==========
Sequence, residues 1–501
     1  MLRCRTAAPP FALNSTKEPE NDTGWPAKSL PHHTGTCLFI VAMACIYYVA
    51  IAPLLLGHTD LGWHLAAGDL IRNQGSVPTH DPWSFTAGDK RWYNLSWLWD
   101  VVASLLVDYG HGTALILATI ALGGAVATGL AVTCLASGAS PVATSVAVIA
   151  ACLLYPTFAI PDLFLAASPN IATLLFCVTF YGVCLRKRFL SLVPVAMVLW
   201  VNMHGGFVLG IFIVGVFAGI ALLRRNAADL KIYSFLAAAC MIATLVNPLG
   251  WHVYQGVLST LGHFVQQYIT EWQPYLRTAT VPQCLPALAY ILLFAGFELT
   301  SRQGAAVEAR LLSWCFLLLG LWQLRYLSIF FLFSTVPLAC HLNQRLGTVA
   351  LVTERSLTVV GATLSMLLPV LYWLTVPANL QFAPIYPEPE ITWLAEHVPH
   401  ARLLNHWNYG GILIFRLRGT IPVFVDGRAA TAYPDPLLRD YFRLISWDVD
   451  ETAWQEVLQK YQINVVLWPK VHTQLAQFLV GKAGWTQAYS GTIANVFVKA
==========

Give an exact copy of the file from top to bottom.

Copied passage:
Sequence, residues 1–501
     1  MLRCRTAAPP FALNSTKEPE NDTGWPAKSL PHHTGTCLFI VAMACIYYVA
    51  IAPLLLGHTD LGWHLAAGDL IRNQGSVPTH DPWSFTAGDK RWYNLSWLWD
   101  VVASLLVDYG HGTALILATI ALGGAVATGL AVTCLASGAS PVATSVAVIA
   151  ACLLYPTFAI PDLFLAASPN IATLLFCVTF YGVCLRKRFL SLVPVAMVLW
   201  VNMHGGFVLG IFIVGVFAGI ALLRRNAADL KIYSFLAAAC MIATLVNPLG
   251  WHVYQGVLST LGHFVQQYIT EWQPYLRTAT VPQCLPALAY ILLFAGFELT
   301  SRQGAAVEAR LLSWCFLLLG LWQLRYLSIF FLFSTVPLAC HLNQRLGTVA
   351  LVTERSLTVV GATLSMLLPV LYWLTVPANL QFAPIYPEPE ITWLAEHVPH
   401  ARLLNHWNYG GILIFRLRGT IPVFVDGRAA TAYPDPLLRD YFRLISWDVD
   451  ETAWQEVLQK YQINVVLWPK VHTQLAQFLV GKAGWTQAYS GTIANVFVKA